Karva Chauth
Karwa Chauth is celebrated on 19 October this year (2016)NARINDER NANU/AFP/Getty Images

Many Hindu married women across India and around the world are celebrating the festival of Karwa Chauth this year on 19 October. On the auspicious day, married women fast from sunrise to moonrise and spend the day praying for their husbands' well-being.

The festival gets its name from the day it falls on – the fourth day of the Hindu month of Kartik (Karwa means pot and Chauth is fourth in Hindi). While the tradition originated in North India, it is now celebrated across the country with preparations beginning days in advance.

Women shop for new clothes (mostly in traditional bridal shades of red) and jewellery. They also adorn their hands with henna designs, another Hindu bridal tradition.

On the day of the festival, mothers-in-law are expected to prepare hampers of nutritious food for their daughters-in-law to eat before sunrise. Through the day, women abstain from all other food and even water, right up to evening, after which prayers are offered. Married women dress up and perform traditional rituals as they pass around a thali (a large plate) with a sweet, glass of water, a diya (oil lamp) and other material.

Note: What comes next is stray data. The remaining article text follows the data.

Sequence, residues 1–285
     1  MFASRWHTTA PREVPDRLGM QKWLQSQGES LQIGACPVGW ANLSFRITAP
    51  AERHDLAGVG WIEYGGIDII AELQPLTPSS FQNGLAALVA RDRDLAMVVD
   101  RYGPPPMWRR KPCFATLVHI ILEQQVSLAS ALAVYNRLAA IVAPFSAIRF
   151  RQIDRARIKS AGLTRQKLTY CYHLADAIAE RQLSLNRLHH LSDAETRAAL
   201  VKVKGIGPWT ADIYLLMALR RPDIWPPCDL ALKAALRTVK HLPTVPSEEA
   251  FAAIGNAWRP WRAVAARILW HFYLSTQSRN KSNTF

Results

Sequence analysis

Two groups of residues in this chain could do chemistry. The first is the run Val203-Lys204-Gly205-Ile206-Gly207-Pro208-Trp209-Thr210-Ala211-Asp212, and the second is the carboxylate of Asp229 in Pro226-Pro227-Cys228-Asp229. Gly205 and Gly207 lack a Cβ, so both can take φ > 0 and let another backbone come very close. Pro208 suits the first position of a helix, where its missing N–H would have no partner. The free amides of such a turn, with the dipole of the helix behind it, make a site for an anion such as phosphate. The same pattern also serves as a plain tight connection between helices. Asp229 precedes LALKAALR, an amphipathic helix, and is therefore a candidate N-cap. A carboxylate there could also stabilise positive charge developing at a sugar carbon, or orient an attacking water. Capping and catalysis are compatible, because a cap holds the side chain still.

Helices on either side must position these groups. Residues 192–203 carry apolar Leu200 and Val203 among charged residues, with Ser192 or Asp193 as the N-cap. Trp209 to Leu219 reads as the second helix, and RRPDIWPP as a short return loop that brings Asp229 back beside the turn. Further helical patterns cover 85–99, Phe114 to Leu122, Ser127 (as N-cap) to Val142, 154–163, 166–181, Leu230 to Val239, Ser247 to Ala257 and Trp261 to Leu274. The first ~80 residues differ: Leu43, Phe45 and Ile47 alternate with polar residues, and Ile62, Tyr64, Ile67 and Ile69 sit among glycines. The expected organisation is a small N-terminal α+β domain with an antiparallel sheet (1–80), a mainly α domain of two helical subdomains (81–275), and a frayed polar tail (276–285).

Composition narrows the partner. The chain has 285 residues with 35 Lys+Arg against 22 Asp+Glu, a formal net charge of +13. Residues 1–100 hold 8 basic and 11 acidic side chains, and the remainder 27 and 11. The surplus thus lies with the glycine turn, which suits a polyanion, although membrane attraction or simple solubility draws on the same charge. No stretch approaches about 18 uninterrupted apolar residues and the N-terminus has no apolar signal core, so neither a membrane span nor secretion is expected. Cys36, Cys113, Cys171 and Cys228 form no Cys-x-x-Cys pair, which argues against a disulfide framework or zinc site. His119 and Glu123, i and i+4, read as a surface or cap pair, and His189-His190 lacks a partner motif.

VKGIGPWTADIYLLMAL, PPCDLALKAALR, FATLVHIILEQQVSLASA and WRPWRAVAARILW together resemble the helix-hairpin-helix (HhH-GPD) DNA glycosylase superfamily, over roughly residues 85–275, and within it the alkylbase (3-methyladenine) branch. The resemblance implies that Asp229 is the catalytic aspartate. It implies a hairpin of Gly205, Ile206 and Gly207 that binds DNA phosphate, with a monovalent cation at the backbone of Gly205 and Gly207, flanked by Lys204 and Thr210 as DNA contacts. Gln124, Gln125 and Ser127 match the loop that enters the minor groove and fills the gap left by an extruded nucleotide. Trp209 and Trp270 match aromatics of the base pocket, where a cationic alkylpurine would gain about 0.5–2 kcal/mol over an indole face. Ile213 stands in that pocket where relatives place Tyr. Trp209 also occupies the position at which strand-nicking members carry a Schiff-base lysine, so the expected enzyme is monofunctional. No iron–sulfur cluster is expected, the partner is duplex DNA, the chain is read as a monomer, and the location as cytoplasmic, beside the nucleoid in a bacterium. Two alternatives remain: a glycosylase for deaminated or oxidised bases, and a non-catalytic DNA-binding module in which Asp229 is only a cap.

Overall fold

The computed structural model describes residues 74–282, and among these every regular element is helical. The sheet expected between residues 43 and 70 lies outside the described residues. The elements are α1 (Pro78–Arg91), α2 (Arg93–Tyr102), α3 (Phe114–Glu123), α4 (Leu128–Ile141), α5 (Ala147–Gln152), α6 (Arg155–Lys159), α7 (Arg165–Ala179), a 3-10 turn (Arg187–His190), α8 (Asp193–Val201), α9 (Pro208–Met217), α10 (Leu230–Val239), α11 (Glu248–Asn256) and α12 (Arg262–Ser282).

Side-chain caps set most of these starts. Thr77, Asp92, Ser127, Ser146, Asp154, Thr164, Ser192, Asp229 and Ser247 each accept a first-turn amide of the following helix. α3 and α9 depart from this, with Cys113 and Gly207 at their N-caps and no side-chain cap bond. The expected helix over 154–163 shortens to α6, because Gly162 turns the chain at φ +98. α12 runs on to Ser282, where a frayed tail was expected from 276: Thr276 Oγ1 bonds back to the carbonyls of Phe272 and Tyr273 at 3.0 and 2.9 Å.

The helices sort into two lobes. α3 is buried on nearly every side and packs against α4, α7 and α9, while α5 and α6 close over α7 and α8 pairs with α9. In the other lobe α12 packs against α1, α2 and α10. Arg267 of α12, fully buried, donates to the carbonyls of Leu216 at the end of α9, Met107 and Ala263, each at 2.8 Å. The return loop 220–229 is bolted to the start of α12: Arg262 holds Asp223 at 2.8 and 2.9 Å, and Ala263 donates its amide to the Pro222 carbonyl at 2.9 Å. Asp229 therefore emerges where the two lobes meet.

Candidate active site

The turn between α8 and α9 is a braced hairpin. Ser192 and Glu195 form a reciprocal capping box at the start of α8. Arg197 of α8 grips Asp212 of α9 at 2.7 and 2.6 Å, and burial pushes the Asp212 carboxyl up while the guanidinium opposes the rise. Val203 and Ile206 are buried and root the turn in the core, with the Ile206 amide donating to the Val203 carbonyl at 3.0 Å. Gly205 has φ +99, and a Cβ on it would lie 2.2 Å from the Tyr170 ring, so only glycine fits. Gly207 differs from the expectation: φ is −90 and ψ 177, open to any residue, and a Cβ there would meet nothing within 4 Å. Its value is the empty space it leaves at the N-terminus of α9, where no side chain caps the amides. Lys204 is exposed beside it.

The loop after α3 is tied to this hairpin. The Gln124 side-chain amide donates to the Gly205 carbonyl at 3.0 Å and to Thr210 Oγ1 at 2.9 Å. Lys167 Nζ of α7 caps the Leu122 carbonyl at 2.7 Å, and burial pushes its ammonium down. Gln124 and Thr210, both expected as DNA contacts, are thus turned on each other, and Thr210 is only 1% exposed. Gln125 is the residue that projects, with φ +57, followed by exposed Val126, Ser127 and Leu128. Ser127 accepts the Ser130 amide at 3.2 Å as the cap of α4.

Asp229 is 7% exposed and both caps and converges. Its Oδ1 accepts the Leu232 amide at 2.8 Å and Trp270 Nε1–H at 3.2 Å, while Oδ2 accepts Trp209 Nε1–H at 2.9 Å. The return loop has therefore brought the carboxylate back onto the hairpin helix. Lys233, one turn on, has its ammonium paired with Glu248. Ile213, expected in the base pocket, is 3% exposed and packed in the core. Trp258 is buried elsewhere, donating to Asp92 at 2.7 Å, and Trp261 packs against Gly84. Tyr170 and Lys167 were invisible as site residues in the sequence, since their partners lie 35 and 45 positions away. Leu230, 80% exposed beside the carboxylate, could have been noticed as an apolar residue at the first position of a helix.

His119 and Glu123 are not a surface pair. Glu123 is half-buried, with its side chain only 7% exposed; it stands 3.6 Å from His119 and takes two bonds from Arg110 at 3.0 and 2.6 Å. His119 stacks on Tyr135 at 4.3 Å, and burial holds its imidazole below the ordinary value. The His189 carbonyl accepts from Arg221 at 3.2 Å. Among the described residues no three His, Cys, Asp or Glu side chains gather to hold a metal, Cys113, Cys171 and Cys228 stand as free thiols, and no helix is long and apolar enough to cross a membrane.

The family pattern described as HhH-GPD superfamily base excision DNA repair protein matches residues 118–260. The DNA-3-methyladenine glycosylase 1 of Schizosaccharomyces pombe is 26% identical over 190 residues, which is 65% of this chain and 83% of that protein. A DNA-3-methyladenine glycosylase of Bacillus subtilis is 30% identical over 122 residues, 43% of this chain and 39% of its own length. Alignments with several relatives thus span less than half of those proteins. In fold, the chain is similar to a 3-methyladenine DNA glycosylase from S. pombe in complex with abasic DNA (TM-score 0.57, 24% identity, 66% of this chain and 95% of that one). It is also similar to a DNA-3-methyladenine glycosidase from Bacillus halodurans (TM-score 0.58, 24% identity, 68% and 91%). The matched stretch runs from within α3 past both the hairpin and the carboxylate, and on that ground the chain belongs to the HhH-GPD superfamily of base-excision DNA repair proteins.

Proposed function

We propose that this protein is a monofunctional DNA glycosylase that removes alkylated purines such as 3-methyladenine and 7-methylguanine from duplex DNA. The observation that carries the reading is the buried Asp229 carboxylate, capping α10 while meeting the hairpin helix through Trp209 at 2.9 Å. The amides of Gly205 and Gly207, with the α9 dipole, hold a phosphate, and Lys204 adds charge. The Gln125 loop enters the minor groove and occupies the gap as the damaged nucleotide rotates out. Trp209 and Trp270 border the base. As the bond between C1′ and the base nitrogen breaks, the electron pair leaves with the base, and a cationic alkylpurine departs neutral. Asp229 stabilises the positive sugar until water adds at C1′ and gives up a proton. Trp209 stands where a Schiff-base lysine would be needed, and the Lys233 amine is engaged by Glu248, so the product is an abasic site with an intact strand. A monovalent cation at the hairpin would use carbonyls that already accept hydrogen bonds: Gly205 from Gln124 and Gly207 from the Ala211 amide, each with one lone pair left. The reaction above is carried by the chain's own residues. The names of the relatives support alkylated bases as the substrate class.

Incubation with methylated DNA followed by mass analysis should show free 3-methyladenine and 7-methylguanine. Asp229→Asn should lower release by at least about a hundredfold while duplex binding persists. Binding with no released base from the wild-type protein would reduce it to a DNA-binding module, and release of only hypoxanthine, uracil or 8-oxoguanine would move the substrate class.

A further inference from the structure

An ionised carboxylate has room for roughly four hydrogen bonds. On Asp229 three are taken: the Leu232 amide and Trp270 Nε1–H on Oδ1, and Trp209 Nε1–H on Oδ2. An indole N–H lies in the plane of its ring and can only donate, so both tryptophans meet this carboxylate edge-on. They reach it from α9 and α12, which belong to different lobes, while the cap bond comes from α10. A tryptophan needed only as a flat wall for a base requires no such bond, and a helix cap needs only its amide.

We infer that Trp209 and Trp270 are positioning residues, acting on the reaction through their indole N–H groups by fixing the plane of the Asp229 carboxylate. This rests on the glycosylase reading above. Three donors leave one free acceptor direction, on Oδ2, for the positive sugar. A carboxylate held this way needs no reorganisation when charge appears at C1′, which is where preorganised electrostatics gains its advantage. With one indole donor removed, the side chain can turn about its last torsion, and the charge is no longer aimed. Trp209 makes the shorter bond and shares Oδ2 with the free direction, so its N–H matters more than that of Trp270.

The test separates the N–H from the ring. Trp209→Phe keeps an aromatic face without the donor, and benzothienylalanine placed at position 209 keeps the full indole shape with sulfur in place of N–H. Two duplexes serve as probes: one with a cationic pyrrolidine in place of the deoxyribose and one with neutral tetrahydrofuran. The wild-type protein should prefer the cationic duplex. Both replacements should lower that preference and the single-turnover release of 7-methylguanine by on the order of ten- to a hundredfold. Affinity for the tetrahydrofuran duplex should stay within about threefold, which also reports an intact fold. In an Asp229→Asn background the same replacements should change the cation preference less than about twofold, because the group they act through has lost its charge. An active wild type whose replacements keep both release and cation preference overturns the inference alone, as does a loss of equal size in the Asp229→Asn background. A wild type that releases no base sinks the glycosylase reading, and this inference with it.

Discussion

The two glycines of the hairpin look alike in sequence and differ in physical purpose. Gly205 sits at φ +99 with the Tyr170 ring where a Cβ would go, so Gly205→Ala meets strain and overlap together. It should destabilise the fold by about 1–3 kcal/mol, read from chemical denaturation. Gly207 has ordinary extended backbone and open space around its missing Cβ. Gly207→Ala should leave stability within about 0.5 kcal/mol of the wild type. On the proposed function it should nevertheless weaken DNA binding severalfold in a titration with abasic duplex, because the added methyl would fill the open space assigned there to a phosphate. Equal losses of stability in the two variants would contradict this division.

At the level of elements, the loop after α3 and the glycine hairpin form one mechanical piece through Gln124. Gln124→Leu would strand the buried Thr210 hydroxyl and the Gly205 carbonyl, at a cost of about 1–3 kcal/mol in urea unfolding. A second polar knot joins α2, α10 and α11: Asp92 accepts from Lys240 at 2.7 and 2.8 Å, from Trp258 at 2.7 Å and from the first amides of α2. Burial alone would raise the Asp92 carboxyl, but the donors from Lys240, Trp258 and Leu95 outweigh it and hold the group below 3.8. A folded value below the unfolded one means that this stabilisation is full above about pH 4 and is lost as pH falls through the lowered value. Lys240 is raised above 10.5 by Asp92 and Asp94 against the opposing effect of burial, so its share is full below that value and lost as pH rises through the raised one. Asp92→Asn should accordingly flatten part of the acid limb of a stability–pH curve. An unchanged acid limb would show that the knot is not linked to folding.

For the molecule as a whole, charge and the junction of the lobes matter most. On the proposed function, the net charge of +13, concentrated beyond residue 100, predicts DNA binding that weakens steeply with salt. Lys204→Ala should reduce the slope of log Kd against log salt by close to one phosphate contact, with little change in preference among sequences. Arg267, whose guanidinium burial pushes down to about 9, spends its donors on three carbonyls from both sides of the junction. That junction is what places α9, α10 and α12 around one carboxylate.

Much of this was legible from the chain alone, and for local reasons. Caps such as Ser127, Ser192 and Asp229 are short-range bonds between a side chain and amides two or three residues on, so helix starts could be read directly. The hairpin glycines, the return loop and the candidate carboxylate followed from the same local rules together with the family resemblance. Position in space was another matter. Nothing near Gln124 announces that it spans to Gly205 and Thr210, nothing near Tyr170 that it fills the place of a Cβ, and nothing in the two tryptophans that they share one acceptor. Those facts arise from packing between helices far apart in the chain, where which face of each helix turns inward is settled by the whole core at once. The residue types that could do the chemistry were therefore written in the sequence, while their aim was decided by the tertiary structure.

The fast is then broken when traditionally, the wife would glance at the moon through a sieve and then at her husband's face. He would then offer her a sip of water to break her fast. While originally practiced by women, many men today also choose to spend the day while observing fast in solidarity with their spouses and pray for them.

Karwa Chauth mehendi
Women get henna designs on their hands as part of the Karwa Chauth celebrationsSAJJAD HUSSAIN/AFP/Getty Images

The practice of women fasting for men has become a topic of debate. Some praise the tradition for bringing couples closer together, while others criticise it as being old fashioned and anti-feminist.

Below are some Twitter reactions to the festival: